Review by Publisher's Weekly Review
Nelson (Nelson Mandela) builds his tale on the simplest bedtime-story scaffolding: a bear cub loses its way home and asks other forest animals for help. What distinguishes Nelson's creation is an atmosphere of loving-kindness and the affirmation of Baby Bear's ability to make the journey alone. Even animals that appear intimidating (a mountain lion, a moose) offer reassurance. These nighttime encounters unfold against a background of rich cobalt blue, bathed in the orange light of the full moon. "You are not alone, Baby Bear," says an owl in a tree. "I am here with you. You only need look up and keep going." Softly brushed oil paintings convey intimacy by getting right up close. One spread zeroes in on Baby Bear's moist black nose, the moon reflected in its shining eyes. In another sweet-tempered scene, a salmon leads Baby Bear home ("If you promise not to eat me, I will show you the way"), the fish swishing through the water while Baby Bear paddles behind. It's easy to imagine the tension leaving anxious bed-goers as they realize that Baby Bear is always safe. Ages 4-8. Agent: Steven Malk, Writers House. (Jan.) (c) Copyright PWxyz, LLC. All rights reserved.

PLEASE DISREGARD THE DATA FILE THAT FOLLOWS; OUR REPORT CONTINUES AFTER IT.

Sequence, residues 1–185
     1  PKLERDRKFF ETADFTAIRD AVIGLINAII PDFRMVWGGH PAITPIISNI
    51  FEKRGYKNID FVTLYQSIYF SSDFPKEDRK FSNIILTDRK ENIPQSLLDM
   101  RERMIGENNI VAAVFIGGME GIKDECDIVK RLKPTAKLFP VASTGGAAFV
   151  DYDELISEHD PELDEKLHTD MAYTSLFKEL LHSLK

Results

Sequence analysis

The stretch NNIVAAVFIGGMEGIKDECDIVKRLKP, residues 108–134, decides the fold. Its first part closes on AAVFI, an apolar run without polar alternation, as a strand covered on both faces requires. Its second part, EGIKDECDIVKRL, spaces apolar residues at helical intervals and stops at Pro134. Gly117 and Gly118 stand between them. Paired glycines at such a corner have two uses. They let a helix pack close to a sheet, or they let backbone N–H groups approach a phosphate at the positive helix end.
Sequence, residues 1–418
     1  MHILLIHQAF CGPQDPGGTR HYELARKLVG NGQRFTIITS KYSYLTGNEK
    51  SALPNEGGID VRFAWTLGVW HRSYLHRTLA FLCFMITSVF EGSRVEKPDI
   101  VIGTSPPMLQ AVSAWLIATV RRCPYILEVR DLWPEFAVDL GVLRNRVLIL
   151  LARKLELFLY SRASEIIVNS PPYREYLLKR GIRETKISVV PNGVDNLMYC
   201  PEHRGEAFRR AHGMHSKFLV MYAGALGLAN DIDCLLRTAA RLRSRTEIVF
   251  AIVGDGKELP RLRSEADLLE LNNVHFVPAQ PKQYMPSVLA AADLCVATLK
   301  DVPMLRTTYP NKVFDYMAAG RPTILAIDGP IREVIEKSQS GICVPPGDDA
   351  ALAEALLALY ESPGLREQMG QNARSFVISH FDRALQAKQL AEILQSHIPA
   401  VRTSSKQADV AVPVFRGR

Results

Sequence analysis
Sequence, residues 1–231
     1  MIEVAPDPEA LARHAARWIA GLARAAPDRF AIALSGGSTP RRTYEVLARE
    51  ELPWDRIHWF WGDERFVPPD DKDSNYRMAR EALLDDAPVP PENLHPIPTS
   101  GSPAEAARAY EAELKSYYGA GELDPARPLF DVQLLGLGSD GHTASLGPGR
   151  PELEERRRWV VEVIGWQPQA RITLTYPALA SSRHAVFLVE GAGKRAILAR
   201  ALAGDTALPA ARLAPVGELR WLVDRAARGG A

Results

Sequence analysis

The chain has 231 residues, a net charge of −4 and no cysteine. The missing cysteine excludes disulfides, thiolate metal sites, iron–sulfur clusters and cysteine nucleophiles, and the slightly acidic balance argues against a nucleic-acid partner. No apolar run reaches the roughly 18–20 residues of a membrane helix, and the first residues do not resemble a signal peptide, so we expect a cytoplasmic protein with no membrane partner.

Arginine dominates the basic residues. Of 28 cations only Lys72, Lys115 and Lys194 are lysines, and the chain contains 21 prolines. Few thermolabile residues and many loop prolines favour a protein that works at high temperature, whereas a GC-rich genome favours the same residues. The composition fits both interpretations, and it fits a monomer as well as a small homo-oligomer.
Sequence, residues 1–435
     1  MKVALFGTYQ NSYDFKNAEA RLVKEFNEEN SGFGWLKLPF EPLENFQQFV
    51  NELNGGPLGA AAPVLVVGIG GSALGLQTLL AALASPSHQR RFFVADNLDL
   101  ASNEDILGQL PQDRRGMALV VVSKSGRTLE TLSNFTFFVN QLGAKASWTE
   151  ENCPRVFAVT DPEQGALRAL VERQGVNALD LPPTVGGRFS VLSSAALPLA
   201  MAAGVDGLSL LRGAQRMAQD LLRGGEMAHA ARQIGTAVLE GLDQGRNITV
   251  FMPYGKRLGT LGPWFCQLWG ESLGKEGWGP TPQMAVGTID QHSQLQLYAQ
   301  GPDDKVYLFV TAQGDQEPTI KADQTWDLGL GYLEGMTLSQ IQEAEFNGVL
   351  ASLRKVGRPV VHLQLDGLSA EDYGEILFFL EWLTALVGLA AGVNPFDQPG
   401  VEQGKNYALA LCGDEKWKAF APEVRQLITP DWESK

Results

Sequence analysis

(c) Copyright PWxyz, LLC. All rights reserved